• Bad addresses: Besides misspelled or malformed addresses, which your email platform should remove immediately, bad addresses can also include fake addresses from bots or users who want something from you (gated content, contest entry, shopping discount) but don’t want your marketing emails.

Real-time address checking and anti-bot protection can keep these addresses out. But you also should review the user experience at opt-in. You might need to do more to explain your brand value and email benefits to persuade customers that your email program is worth a real email address.

  • Rate-limiting: Also called throttling, this happens when an ISP automatically reduces the number of emails it accepts from your server, usually because it thinks your messages might be spam. This can indicate problems with your sender reputation at major services like Microsoft or Yahoo Mail.
  • “Mailbox full” bounces: These normally are temporary bounces – the email address is valid, but the mailbox is full and not accepting more email until the mailbox user either clears out old email or adds capacity.

It was a common problem before webmail services like Gmail and Yahoo began offering seemingly bottomless storage capacity. Today, when you hit a “mailbox full” notice, it means the address has likely been abandoned, and the owner will never open your messages. That hurts your sender reputation and makes you more vulnerable to spam traps built from abandoned email addresses.

  • Spam block: This indicates something in your email message, sending address, or IP set off a spam filter, which then rejected the message. You might not be able to figure out exactly what caused the problem – instead, it’s a signal to investigate further.
  1. Spam complaint rate

A zero complaint rate isn’t always good news. It could mean that your emails aren’t going into the inbox where recipients will see them. Nobody wants a high spam rate, but you should have an occasional one or two as another indicator that people are seeing your messages in the inbox where they belong. Aim for a target rate of less than 1 complaint per 1,000 messages.

Note: Not every ISP offers a feedback loop to report complaints, so your rate might be artificially low. Use ISPs that do have feedback loops, like Yahoo, where your complaint rate should be less than 1 complaint in 1,000.

  1. Delivery time

If you are sending emails from a dedicated IP (you’re not sharing it with other senders), and a particular campaign is spread out over a longer time than usual, this can indicate rate limits or throttling, which in turn can indicate a falling reputation at the receiving provider.  You can see evidence of the same issue on shared IPs or IP pools, but it’s harder to tell if it’s you that’s the problem or one of the other senders on that IP/pool.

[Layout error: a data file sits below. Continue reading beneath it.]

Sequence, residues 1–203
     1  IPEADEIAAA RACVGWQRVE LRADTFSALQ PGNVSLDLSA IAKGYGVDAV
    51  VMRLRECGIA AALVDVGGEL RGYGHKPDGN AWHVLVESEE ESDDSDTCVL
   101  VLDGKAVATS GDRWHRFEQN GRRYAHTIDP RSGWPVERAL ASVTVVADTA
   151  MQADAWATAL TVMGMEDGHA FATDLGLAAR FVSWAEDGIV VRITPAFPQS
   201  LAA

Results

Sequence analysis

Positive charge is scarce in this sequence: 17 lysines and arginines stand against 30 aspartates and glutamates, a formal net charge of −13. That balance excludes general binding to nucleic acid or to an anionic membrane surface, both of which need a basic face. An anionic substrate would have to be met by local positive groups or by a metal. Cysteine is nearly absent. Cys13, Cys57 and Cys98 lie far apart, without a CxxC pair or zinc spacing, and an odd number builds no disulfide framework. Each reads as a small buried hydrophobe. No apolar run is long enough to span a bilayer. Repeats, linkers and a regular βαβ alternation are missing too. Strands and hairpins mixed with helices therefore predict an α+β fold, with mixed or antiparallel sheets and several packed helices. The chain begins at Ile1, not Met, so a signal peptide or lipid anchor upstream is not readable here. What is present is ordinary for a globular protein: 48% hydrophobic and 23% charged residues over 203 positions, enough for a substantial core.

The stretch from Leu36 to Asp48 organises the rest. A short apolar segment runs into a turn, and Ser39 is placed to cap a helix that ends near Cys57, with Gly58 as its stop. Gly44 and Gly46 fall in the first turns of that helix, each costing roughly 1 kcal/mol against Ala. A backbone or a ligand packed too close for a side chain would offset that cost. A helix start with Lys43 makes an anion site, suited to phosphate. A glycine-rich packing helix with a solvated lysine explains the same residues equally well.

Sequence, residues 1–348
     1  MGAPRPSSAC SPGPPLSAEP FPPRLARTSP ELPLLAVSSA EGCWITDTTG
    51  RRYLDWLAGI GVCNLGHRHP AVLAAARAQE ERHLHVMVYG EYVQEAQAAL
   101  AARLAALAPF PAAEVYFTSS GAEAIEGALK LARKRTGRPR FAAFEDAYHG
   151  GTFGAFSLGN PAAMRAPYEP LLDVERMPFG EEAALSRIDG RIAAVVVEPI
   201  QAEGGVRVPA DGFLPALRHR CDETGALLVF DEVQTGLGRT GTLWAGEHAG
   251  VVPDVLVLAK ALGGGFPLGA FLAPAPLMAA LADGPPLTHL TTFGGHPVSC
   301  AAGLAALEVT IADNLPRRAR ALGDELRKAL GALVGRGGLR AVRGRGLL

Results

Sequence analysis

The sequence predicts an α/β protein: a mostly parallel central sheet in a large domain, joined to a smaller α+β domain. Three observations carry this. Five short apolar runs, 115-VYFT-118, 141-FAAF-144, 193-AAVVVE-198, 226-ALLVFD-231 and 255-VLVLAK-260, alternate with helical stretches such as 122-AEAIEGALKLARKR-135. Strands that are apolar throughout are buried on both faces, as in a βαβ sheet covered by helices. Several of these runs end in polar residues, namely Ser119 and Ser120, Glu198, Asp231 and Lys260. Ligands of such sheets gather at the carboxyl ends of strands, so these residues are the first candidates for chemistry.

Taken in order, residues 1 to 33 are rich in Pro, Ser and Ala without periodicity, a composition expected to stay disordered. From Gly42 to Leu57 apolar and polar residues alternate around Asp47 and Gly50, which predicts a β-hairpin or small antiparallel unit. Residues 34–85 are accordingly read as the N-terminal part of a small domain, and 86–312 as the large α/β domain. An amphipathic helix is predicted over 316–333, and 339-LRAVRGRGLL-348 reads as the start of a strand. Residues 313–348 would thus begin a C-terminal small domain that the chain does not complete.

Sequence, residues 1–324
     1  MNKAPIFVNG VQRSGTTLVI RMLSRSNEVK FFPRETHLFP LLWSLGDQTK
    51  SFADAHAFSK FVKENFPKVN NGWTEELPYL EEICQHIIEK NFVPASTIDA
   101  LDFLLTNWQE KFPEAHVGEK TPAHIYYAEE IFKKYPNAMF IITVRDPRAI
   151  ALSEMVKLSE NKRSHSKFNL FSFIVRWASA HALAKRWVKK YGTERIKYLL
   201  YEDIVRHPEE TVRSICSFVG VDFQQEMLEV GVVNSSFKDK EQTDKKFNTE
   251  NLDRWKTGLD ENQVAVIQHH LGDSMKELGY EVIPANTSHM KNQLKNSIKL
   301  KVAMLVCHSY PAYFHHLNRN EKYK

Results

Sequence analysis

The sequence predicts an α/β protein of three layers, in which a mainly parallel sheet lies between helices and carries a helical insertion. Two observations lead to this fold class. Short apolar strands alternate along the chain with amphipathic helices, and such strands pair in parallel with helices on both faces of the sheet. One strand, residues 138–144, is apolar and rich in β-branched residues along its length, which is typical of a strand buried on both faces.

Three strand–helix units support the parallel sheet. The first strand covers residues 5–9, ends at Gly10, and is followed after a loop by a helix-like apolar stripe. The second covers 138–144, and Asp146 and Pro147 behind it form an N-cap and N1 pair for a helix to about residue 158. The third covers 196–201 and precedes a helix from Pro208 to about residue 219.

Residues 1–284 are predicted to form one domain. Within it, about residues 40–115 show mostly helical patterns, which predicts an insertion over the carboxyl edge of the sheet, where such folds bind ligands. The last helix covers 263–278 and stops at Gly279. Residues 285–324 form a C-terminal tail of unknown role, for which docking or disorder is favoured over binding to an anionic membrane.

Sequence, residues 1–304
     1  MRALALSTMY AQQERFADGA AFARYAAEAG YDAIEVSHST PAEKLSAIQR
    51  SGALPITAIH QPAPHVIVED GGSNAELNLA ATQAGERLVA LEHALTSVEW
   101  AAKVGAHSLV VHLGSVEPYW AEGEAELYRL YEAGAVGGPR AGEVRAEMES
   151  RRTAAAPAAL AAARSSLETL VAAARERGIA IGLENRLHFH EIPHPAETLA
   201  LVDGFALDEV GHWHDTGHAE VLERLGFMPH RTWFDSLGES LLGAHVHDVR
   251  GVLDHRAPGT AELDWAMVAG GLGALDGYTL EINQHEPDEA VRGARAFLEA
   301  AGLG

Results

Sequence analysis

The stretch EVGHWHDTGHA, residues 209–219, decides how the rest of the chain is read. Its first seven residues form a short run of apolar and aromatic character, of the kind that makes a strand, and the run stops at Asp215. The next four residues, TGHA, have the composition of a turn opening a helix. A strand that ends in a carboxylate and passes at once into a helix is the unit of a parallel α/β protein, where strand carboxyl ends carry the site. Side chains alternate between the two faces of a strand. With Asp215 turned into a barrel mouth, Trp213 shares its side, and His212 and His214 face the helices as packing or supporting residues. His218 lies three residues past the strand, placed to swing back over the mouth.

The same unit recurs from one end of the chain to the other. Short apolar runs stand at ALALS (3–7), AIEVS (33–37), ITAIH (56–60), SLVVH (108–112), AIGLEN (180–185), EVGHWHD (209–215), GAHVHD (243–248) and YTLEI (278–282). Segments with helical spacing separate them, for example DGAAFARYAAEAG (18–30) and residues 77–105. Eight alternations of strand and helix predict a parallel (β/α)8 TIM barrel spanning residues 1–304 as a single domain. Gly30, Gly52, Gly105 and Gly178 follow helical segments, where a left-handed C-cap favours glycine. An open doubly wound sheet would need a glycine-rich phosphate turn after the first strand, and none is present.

1. Conversion rate

The five metrics we already discussed have one thing in common – they all measure activity on your email. Your conversion rate is different because it reflects the percentage of customers who took an action you wanted beyond your email, like buying or signing up for something. It measures how successfully your email led customers to do what you wanted them to do.

If your other metrics are off, however, that can hold down conversions.

How you define the conversion, and thus figure out the percentage of people who converted, will depend on what you want them to do. Measuring conversions can also depend on the integrations you use in your email program and how accurately they track your customers and report their activity.

Using metrics to diagnose deliverability

You’ll get the most meaning out of these metrics when you track each one over time. A single metric viewed at one point in time – like your click rate – will mean more when you can tell whether it’s rising or falling. With that information you can go back to your acquisition sources or campaigns to look for correlations.

And we’ll repeat another key point: You should see all of these metrics in your email or CRM/ecommerce dashboards. You might need another layer of reporting to uncover your conversion rate if you do use outside platforms, but you still should have access. If you don’t have it, ask for it. Your email success can depend on it!

Author: Zack Aab, Trendline – Before learning how to use email, Zack worked in computer repair, blacksmithing, video production, and knot-tying, but not all at once. Zack has his CIPP/US certification, is definitely not a lizard person, and likes normal human things like email and data privacy and basking on sunny rocks. Follow Zack on LinkedIn